Friday, December 27, 2013

Can a Divorce be Cooperative?

Can a Divorce Be Cooperative?

By Top Law News
In books, TV and the movies, divorce is rarely depicted as peaceful. One learns that couples will fight and bicker over every little piece of property that they may have shared. This is especially true if the couple in question shares children. However, this isn’t Hollywood, and there’s no reason that your divorce needs to be hostile or negative. A divorce, if approached correctly, can be quite cooperative.
“In my view, if the parties can agree on things, it’s always going to better than going to court and letting a judge decide,” says Tucson attorney Riisa Petersen, of the  Petersen Law Firm Pllc. “I’ll always try to see where we can make things work, and find out if we can meet in the middle at all. A lot of times, that will make the parties a lot happier as a result, so I always look for that in the beginning.”
Indeed, the best divorces are typically those where both parties have agreed to fair terms long before they go in front of a judge. However, this involves both spouses being able to negotiate terms that are fair to each of them. But as Petersen says, “sometimes that is impossible.”
“What I’ll do is tell my client to basically talk to the other party about what they’re looking for to see if there’s anywhere we can meet in the middle,” Petersen says. The key to a cooperative divorce is a communication and open dialogue where both parties are willing to compromise. No party will ever be completely happy with the outcome of their divorce proceedings, but the idea is to find a negotiation that is at best fair.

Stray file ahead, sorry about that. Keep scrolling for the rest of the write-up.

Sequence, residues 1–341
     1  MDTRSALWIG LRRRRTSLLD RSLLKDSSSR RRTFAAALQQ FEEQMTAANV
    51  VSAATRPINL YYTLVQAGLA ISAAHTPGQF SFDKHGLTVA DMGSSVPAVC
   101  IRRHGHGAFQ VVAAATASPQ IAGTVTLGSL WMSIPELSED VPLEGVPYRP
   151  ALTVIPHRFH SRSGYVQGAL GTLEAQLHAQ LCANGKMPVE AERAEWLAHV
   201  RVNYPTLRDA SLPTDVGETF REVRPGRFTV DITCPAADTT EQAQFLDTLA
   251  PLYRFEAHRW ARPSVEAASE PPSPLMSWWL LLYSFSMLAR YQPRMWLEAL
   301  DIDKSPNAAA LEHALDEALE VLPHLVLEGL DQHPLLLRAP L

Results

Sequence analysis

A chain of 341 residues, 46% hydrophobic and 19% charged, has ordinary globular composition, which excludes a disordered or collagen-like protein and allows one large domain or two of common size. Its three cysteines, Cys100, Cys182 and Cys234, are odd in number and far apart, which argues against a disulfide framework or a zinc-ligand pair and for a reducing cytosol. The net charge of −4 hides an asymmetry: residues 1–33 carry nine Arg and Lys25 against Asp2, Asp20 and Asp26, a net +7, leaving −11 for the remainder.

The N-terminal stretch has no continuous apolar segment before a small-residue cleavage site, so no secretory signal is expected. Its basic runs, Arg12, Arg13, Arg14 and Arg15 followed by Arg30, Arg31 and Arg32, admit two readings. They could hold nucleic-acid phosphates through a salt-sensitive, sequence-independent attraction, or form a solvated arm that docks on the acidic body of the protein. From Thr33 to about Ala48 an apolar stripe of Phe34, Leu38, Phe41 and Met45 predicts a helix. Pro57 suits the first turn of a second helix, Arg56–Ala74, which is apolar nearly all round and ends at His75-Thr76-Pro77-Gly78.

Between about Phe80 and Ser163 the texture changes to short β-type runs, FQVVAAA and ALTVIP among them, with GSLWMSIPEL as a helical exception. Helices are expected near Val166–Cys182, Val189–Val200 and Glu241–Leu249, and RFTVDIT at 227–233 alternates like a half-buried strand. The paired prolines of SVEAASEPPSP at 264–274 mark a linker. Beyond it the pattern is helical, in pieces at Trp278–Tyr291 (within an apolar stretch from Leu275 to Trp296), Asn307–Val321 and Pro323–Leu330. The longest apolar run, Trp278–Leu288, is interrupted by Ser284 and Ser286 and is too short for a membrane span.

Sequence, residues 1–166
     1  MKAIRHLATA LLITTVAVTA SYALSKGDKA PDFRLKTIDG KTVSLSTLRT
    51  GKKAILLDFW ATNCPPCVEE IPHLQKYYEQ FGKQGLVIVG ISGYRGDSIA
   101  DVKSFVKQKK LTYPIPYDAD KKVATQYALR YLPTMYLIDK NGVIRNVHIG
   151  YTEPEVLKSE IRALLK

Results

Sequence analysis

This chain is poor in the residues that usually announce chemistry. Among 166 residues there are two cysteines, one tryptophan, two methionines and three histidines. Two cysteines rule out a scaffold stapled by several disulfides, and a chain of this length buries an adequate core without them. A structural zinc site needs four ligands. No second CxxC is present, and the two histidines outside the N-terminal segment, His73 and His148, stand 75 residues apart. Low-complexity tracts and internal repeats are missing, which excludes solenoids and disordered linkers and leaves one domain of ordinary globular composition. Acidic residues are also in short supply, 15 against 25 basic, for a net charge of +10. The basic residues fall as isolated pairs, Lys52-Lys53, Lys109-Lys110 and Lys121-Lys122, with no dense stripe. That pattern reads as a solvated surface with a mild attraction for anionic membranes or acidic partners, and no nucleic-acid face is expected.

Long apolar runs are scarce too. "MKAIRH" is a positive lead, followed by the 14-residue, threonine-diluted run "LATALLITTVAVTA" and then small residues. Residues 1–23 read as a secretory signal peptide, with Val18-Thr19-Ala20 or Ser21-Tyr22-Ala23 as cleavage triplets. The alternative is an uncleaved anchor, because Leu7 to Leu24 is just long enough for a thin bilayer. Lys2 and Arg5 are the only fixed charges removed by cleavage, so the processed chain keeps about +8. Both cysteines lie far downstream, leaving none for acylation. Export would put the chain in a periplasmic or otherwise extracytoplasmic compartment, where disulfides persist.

No divorcing couple has more to gain from a collaborative divorce than a couple with children. However, couples with children usually have even more to bicker over than those couples that do not. This is perhaps why mediation is a requirement of divorcing couples with kids in Pima County.
“For me, the real meaning of the collaborative approach is trying to get the best outcome for both parties,” says Petersen. While those who are going through a divorce may have plenty to be angry about, it is always beneficial to swallow your anger and perhaps even your pride and attempt a divorce that is cooperative and collaborative. This is ultimately the best way to end your marriage fairly, especially if you have children together.

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